After we arrived home, covered in desert dust and dry skin, I remember finding a pocket full of rocks in Mitchell’s pants. He had quietly collected little stones form the desert as souvenirs. I still have those little rocks in a special place. When I look at them I can’t help but wonder what he saw in each of them. I will forever wonder.

When I think back on moments like these, camping with my kids, I have the fondest of memories. Not all of them were wrapped in majestic sunsets and perfect moments cushioned in comfort. In fact, many of our camping trips were rather hard. We have camped in the bitter cold, high in the winter mountains; we've weathered torrential rainstorms, worried we would be swept away by a river of rain; and we have awoken to inches of new snow and many other surprises. Each was an adventure punctuated by difficulty and discomfort … yet is each a memory I am so grateful to have. 

I have noticed something interesting with Mitch and my other children. Often they would draw pictures of memories they had; and with their little hands they would sketch out our campsites and recreate the most difficult moments while camping … moments that were less fun while in the moment. 

I wondered why they would sketch the struggle and I asked them to tell me about their drawings. Each would say in their own way, “This was my favorite campout.” They would then explain what they loved about it. I was always surprised. These little kids with a pocket full of rocks appreciated the experience, however difficult, more than I gave them credit. I couldn't help but wonder if they were teaching me something important – that in the struggle is also the beauty.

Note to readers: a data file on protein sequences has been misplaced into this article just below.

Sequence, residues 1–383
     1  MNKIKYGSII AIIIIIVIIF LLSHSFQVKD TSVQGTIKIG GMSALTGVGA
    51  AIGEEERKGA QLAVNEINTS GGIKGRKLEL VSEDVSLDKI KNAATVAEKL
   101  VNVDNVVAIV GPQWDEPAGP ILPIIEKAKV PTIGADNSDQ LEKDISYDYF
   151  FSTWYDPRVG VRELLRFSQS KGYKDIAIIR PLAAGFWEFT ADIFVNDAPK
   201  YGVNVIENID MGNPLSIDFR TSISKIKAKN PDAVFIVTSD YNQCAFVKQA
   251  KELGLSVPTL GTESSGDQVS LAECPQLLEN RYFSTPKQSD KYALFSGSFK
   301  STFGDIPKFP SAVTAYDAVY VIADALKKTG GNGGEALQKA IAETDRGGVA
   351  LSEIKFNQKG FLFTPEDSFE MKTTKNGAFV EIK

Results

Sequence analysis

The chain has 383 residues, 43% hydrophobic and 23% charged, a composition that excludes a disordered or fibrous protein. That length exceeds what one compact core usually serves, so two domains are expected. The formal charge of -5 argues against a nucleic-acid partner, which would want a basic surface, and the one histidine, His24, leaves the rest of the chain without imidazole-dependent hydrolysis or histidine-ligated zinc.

I just returned from a short trip with my oldest son, Ethan, to Southern California so he could learn to surf. He was so excited to spend some one-on-one time and hang out in the ocean. It was a wonderful few days to bond father and son. 

With all that has happened the last year and a half, I was careful to make this trip just about him. I turned my cell phone off, put work aside, and focused on him and him alone. We talked about his dreams and aspirations and what he wanted in life. We ate pizza every night, we laughed and played and set aside the worries of the world. We had a great time together.

Throughout the trip Ethan made comments about how much he missed Mitch and that he wished he were there with us. I knew that Ethan lost his best friend and that his heart grieves, too. We have an open mouth policy in our family and everyone is free to talk about Mitch (or anything) at any time – not to bring undue attention to Mitch nor to suggest that our kids aren't important, but because Mitch was important to all of us in different ways. We believe open and honest communication is a healthy part of healing. So, each time I heard Ethan out as he expressed a little more about what was on his mind and heart. I softly acknowledged his sorrows and his feelings. I then told Ethan I was grateful that he was still with me and that I loved him very much; I told him there is nobody quite like him and that I was so proud of the young man he was becoming. I didn't want my son to just hear my words, I wanted him to feel them. I hope he did.